Nefarious by Stevie Kopas:
Moira and Samson have locked their dead, but screaming, children in their bedroom. Moira’s mind has yet to catch up to the reality of the situation as she tries desperately to care for them, feed them, but she needs her husband’s help to really fulfil this task.

The disgusting disintegration of her mind, the feeding sessions and the final spousal conversation make for riveting reading.

Home Defense by James Crawford:
The zombies in this story have a sense of mischief and as Shawn and the narrator explain how they are shooting the invading party I could not help but giggle at the insanity of it.

When the zombies actually started verbally taunting back them I was totally gobsmacked! A great short, short story packed with fun and mayhem.

Stories from the Apocalypse by J. Rudolph:
Excerpts from a journal; Cali it seems is guilt ridden from ex patients to families she has failed to help.

There were lots of fly by names which made for complex reading and as I never got the chance to get to know them it was hard to care, but for Cali I had some sympathy.

The writing was concise and I should imagine the longer book version would be quite a read as the emotions wrought were quite raw.

Journal of the Undead: The Beginning by S.G. Lee:
Lt George Mitchell is on a “top-secret” army base hospital and is literally thrown in at the deep end tending to wounded soldiers.

When one of his patients sits up after he has pronounced them dead he starts to suspect where he is and what the soldiers are fighting beyond those high walls. Things get more hinky when he not allowed to administer a “special” shot to a bitten soldier.

When the Major finally clues him on the situation Lt Mitchell can only gawp. As weeks then months go by the situation, inevitably, worsens and soon they are over run.

A mix between military, guerrilla warfare, zombies and a personal diary it’s all a rush of action until the end when a little secret is revealed.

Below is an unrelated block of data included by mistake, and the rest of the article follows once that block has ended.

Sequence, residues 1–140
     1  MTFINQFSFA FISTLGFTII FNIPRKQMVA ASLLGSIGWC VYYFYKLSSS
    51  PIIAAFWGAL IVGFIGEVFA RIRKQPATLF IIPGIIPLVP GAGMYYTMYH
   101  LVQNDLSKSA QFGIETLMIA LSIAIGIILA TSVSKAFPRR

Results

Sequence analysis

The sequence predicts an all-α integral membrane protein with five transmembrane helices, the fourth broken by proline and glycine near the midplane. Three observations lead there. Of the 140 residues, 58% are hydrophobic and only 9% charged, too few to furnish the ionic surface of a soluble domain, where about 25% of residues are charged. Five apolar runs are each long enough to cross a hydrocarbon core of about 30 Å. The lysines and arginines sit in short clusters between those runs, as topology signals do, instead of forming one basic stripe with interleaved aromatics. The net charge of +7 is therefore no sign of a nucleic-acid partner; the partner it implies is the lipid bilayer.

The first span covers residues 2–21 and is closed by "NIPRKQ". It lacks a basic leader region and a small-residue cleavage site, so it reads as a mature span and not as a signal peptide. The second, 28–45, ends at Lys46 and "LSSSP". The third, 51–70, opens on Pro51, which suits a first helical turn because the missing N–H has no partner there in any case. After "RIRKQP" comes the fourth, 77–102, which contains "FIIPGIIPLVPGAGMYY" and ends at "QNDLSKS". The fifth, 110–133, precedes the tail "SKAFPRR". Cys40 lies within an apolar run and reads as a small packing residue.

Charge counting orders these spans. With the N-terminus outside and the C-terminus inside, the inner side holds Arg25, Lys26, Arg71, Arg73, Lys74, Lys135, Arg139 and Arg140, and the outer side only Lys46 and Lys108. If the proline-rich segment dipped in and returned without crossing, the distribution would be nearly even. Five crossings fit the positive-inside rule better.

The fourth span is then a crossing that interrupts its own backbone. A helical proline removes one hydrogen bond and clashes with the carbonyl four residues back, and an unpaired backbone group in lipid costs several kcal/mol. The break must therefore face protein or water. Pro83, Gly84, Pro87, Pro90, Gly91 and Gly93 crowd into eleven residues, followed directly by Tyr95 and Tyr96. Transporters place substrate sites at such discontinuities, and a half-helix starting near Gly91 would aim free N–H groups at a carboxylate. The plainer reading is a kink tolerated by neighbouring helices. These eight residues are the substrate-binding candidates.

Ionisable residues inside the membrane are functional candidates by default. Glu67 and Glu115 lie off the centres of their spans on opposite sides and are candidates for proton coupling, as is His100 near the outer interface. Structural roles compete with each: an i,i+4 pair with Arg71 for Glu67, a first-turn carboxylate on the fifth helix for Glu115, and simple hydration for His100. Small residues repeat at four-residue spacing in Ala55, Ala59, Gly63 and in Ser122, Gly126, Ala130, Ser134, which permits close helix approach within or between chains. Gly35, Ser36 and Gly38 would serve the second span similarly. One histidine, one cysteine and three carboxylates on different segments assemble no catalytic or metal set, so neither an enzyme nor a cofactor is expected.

Princess and the Flea by Paul Mannering:
At first I could not continue reading this as the animal cruelty described in the first paragraph made me feel sick, not from fiction but fact.

As I flicked through I noticed that not all is what it seems. We are far in the future in this book and strange things are occurring. The final few paragraphs spell it all out.

Well written, thought out and graphic glad I continued.

Hour of the Beast by J.M. Martin:
Vera is struggling with her pregnancy and at odds with her husband.

I did not really connect with the characters or the story as I found the world she lives in a little hard to follow in such a short story. It was all a bit haunting and gothic, not my cup of tea at all.

The author does explain at the end it is a fantasy world but I felt it was too hard to enter in such a condensed way, also not really all that fitting for this anthology so far. Shame really as it was well written just not the genre of story I would usually pick up.

The Err Apparent by Tim Marquitz:
Thrust straight into the middle of some Goth ritual involving chants, sacrifices and lots of black capes and make up, Frank is surprised when this group of wanna-be teenagers manages to conjure up a demon.

When “Calvin Hobbes” from the “FBI” aka Frank from DRAC goes to investigate body no.3 he is set upon by the local Reverend to ensure they snare that local cult Satanist!

Frank is all there with his usual sense of humour and gung ho attitude, until he is made aware that the demon is actually a Manitou, and it’s on a deadly mission.

Lots of action, fun, killings, religious goings on and a few monsters, brilliant little short set in the Demon Squad series world.

Cracked: A Deadland Saga short story by Rachel Aukes:
A little snippet of a zombie infested world from a military unit leaders PoV. There is a lot of militarised speak and if you don’t know the lingo its hard going.

Maz is trying to keep the final three of his thirty five original unit alive and get back to base. The two final paragraphs are so sad.